On the sounding of the town ‘alert’, the Ministry of Supply watchers went to the Physics roof: they sounded the alarm at once. , and This was followed almost immediately by a shower of incendiary bombs, which fell over the College and the surrounding area. One fell on the Physics roof and one fell through the Library roof, going straight down to the floor. These, together with several that were burning in the grounds, were safely extinguished. The whole of Cathays Park was studded with incendiaries, and some fires were started in the town. The incendiaries were followed by H. E. [High Explosive] bombs, and the gunfire was very heavy. At this period, a message arrived that the watchers at th the Gymnasium had safely put out several incendiaries, but were unable to control with stirrup pumps a blazing pile of wood, which had been stacked outside the Union. The bomb had lodged behind the wood & could not be reached. The messengers ran to the Police Station, and the fire was extinguished by the Brigade. The H. E. bombs were falling so thickly, after the first attack by incendiaries was over, that at 9.15 orders were given for the watchers to leave the upper floors: they were kept on the ground floor, in the positions of the main corridor which were most sheltered from falling or flying glass. Those who were without steel tin helmets were then ordered to Shelter 4, to be summoned from there if incendiaries should fall. At about 10.30, flares were seen: A as it seemed likely that they would be followed by a fresh attach of incendiaries, the watchers were sent to their action stations. Incendiaries fell at approximately 10.45: but they appeared to miss the building or the grounds. Shortly after this, the H. H. was again so heavy that the watchers were again called down, & remained in the main corridor for the remainder of the raid. At 11.30, the ‘raiders passed’ sounded: and the watchers at the Gymnasium saw from their roof that sparks were coming from a portion of the Library roof. A bomb had fallen on the North side of the building, about two thirds of the distance along; it had penetrated the corrugated iron sheet covering the skylight; and as it had lodged in the top gallery, it had not been seen from the floor of the Library. The fire was tackled from inside the Library first; and then from the outside. The Police arrived on the scene after the fire had been fought for ten minutes: and several students who were out in the town came and lent assistance. Chains of buckets were formed both inside the Library & on the roof: in both cases, the links in the chain were of necessity somewhat widely spaced. The town ‘alert’ was sounded at the time of the arrival of the police: there was some gunfire, and some bombs appeared to be dropped; but only one was sufficiently close to cause the watchers any discomfort. The fire was extinguished in about an hour’s time.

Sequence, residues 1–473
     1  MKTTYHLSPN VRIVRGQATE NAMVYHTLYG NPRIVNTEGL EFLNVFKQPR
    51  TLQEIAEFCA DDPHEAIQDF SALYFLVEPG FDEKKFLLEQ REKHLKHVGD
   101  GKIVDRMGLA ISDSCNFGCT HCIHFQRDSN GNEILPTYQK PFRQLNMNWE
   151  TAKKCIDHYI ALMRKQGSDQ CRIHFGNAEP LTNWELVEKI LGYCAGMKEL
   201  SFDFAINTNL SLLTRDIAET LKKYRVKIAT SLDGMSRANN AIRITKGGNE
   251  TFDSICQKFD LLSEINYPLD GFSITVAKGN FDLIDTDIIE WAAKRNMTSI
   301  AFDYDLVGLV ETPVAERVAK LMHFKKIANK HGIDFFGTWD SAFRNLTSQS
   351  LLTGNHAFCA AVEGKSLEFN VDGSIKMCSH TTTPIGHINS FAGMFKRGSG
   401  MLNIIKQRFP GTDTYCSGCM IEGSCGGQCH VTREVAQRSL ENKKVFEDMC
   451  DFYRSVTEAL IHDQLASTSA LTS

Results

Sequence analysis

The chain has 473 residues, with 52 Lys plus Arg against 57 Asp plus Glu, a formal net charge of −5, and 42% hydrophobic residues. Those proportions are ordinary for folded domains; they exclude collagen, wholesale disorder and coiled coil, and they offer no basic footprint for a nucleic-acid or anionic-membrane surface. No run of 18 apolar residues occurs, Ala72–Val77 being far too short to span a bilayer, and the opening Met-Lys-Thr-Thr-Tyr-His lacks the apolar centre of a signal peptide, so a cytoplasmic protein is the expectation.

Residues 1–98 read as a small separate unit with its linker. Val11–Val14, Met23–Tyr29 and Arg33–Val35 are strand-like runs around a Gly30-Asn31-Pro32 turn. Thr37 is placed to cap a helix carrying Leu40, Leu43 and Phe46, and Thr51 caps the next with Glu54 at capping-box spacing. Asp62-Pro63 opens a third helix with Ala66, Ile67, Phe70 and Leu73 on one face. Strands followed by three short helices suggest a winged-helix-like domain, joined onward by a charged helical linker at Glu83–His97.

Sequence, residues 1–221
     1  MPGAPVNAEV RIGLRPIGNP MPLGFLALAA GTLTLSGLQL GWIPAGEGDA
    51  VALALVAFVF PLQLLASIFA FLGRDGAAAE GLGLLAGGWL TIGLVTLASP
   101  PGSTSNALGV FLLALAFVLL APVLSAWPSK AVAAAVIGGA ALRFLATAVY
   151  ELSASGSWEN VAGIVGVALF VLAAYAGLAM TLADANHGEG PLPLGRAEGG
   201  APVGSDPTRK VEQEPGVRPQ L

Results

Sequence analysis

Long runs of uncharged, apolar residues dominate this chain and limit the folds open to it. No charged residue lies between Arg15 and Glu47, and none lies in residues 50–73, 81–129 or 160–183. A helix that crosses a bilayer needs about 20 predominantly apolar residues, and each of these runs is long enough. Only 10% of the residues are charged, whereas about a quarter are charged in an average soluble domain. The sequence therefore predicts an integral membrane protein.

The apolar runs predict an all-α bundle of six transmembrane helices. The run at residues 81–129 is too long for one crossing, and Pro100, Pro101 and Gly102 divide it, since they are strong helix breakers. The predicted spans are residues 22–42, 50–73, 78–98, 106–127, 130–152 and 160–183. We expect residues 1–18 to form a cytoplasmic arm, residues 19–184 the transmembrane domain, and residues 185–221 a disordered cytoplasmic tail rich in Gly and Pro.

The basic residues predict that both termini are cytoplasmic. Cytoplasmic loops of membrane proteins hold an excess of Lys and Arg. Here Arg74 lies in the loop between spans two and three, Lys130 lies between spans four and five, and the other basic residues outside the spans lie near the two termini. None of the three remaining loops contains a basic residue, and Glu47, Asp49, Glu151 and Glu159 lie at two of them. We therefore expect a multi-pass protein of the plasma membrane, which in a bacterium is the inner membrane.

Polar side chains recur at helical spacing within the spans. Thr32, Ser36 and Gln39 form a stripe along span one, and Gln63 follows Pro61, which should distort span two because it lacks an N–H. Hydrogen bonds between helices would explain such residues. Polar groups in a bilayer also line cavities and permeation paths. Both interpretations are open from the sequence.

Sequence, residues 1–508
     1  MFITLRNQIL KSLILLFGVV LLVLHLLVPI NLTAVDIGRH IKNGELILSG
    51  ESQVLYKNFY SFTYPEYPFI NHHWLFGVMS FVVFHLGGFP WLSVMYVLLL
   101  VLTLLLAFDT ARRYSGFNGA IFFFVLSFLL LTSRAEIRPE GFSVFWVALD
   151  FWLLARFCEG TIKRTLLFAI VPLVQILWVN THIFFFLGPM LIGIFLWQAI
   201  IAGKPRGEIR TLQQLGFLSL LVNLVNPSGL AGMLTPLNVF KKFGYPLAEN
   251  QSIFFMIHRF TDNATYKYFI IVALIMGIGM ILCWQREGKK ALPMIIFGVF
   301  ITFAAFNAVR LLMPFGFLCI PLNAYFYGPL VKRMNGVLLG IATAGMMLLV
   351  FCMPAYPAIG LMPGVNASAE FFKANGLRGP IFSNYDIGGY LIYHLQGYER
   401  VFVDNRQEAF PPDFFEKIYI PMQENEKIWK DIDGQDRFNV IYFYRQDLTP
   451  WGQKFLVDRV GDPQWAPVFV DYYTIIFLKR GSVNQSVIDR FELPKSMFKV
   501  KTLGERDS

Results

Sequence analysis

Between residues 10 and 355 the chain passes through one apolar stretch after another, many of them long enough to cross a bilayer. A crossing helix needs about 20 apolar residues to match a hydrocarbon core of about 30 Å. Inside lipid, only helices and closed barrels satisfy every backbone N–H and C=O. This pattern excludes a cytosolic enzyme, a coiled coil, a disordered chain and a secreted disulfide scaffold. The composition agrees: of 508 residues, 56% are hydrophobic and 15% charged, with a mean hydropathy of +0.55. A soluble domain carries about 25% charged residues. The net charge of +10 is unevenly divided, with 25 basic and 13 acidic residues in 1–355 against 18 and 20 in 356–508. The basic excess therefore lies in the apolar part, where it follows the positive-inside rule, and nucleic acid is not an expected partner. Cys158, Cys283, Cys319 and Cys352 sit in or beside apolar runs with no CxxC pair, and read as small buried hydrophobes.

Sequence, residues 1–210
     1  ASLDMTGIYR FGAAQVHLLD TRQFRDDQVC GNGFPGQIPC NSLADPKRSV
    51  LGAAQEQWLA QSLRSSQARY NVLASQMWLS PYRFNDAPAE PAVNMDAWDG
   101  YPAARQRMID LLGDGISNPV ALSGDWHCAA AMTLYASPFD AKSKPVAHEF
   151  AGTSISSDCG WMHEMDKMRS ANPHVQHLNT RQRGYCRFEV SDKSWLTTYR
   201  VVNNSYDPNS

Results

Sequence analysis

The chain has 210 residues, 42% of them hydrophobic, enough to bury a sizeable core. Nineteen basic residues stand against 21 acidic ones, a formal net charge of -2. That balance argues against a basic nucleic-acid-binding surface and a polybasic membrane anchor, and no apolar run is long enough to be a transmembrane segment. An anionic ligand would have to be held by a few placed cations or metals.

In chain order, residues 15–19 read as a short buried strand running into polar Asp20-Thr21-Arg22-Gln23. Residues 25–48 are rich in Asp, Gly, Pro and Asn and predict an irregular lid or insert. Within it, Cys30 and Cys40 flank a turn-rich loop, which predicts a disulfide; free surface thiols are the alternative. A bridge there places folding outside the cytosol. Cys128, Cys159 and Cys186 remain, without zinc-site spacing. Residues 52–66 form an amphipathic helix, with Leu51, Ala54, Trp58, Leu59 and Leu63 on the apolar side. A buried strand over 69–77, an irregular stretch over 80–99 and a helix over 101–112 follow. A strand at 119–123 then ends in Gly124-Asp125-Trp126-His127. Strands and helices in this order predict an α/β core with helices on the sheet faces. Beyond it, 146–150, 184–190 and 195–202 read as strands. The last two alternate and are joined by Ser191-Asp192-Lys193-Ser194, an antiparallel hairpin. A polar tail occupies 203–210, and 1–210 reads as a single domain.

The remainder of the second alert was uneventful.
The Police recommended before they left that ae pair of watchers should take care of the chance remnants of the fire, in case they should burst into flames afresh. This was done, an hourly rota of duties being arranged. Those watchers were also charged with the duty of collecting buckets, stirrup pumps & other equipment, filling the buckets with sand & water & placing them in readiness to meet a fresh attach.
The damage to the Library could hardly be assessed at the time. It is to be feared that in addition to the damage by fire, these will prove to be a considerable number of books damaged by water. There would have been more if we had had the fire hydrants which the Police expected to find. There were no personal injuries. A certain amount of glass was broken in the College: this was mainly, as far as could be ascertained, fragments shaken from panes previously broken.
It should be noted that it was discussed before the raid that the Library doors were locked: and that some inner doors of the Library were also locked. The nozzle became detached from one stirrup pump: & two pumps broke. As soon as it was light, the grounds were searched for unexploded bombs.
+ H. M. Meredith
Geoffrey Percival. . Team Captain.
Report on damage to College Buildings
Stephen Whitehouse: In Memory
Stephen Whitehouse enrolled as a student on 1st October 1940 to study science. He was from a Cardiff family: his father was a mechanical and electrical engineer.
He became a student firewatcher, volunteering his services to help the University during the war. Firewatchers were given the responsibility of watching a certain area or building. They watched for incendiary bombs and communicated news of any fires. They could deal with incendiary bombs by dousing them in buckets of sand, water or by smothering.
Just four months after enrolling, the University was badly hit and Stephen was seriously injured while on duty. He was given First Aid on the scene and taken to Cardiff Royal Infirmary after the raid had passed. As the age of 19, Stephen died as a result of the injuries he sustained while defending the University from enemy action.
Stephen was the brother of Father Bernard Whitehouse, the late administrator of Cardiff Metropolitan Cathedral of St. David, Cardiff’s Catholic Cathedral. His obituary states that he was inspired to became a priest as a result of his brother’s tragic death (South Wales Echo, April 24th 2002). One of his final duties as priest was to unveil the plaque to Stephen Whitehouse in the University’s Catholic Chaplaincy.
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I visited the University today to take some photographs of the War Memorials outside the Science Library, and noticed the wreath laid in memory of Stephen Whitehouse. On looking him up on the CWGC web site, I saw how he died and what he’d been doing before his death. The only thing that’s missing is the actual location of his grave. All it says is that the “Reporting Authority” was Cardiff County Borough, Wales, but it doesn’t say in which cemetery he’s buried. Do you know where he is buried, please? I’m asking for my own information, but I hope that you can help. Thank you.
Hi Phillip, Many thanks for your comment and apologies for the delay in getting back to you. I’m afraid we haven’t been able to trace the location of Stephen Whitehouse’s grave. It may be worth contacting Glamorgan Archives (email@example.com) to see if they have a record of it.
Best of luck, Judith